My Raku Journey
I should say we have come along way from the times of the 16th century when Sen Rikyu commissioned the artful tile maker Chojiro to make tea bowls from Raku pottery. My journey into Raku did not start as part of a trip to Japan, or attendance at a traditional Japanese Tea Ceremony, but rather it was to an authentic 19th century farm and pioneer village.
The local area has part museum/part pioneer village and small amusement park that piqued my interest in the pottery. The Blackberry Farm is set on a wondrous arboretum on some 54 acres that is laced with a lake, a pond, and quick running stream that can be found all over the grounds. The scenic nature grounds have 200 different kinds of trees, a variety of floral gardens and agricultural gardens with a long history. The “living” history museum contains many artifacts and implements fresh from the mid 1800’s to 1910. Here, nestled amongst the scenery are different shops & log cabins, where one can witness artisans weaving, sewing, blacksmithing, teaching in a one room schoolhouse and finally pottery. The on-site potter’s house is a place where one can learn about pottery, the techniques, and firing process. The most favored type of pottery is the simple salt-glazed, but they offer the Raku experience.
And now a few words about the Raku firing process; the Zen Buddhist that inspired this type of pottery had a philosophy to avoid all types of luxury. In the rudimentary look and feel of Raku, the monks believed that this pottery actually carried the beauty and the love of the potter themselves. This Japanese ritual had everyone surrounding an open pit that contained blazing hot fire. Into this hot fire the pottery would go. This is where master tile maker Chijiro stumbled upon the crackled and blackened tea ware that became the sensation in all of Japan.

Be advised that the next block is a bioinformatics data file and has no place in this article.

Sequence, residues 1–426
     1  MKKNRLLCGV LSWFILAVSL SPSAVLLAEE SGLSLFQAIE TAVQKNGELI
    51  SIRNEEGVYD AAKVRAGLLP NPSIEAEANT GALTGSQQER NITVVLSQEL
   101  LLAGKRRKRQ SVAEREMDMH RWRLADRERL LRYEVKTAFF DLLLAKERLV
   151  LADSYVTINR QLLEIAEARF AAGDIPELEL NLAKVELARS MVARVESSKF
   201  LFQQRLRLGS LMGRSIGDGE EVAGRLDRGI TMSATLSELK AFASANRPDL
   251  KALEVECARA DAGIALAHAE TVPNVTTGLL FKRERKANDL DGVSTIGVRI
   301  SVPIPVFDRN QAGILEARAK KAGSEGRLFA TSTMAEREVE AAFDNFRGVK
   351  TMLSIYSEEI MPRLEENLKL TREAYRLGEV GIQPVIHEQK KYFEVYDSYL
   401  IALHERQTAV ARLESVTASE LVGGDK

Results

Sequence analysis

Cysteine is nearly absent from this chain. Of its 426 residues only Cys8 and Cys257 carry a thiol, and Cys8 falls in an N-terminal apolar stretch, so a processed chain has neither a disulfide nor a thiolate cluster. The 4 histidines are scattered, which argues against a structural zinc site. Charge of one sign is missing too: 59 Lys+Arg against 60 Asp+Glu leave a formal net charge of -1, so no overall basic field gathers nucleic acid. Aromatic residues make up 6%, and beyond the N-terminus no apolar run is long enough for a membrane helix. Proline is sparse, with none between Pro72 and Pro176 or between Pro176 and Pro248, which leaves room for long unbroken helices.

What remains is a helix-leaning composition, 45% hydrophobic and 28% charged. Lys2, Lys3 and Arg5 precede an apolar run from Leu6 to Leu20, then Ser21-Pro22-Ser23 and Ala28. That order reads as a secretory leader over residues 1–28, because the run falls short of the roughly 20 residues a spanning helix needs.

Today, however, in many circles the kilns have changed and instead of having a huge fire pit or bonfire to put pots into, homemade kilns made of large garbage cans and fueled by propane tanks have taken over! I had limited experience or knowledge of Raku pottery before this trip and was surprised when I saw the “Western” ideas take over. Raku firing method is a rapid and spontaneous one. It is a process that the pottery is “shocked” in a way.
Although this was more about the firing process (end result) of Raku, those of us in attendance did not actually get to make our piece of bisque pottery; we did glaze them and then watched the firing process. The glazes for Raku contain metallic oxides such as copper, cobalt, and iron. The bisque is a diluted formula and thus renders it porous. The glazed piece dries thoroughly, and then the newly glazed pot is then put into the kiln (garbage can) (1800-1820 degrees hot) it heats in the kiln for about 45 minutes. Heavy blue smoke can be seen here. After that the pottery is removed with long tongs and then is placed into another sealed barrel (small lidded garbage can). The can contains combustibles such as paper, sawdust, and ours also contained leaves and grasses. It will stay there for 15 minutes. This is an oxygen free kiln that creates the reduction or oxygen deprivation. When the pot is removed from the deprivation chamber and is cooled they are scrubbed free of the combustibles. And since this method of firing is more about process the end result is uncertain so no two will ever be alike. This was a unique experience I am glad that I took. While I thought I’d come home with a fabulous new tea pot, I was wrong! I found out that with this porous bisque and firing method the pottery is not watertight so what is made is truly just for art and not for drinking! The “Western Raku” proves to be different from the Raku Yaki that Chjiro produced!
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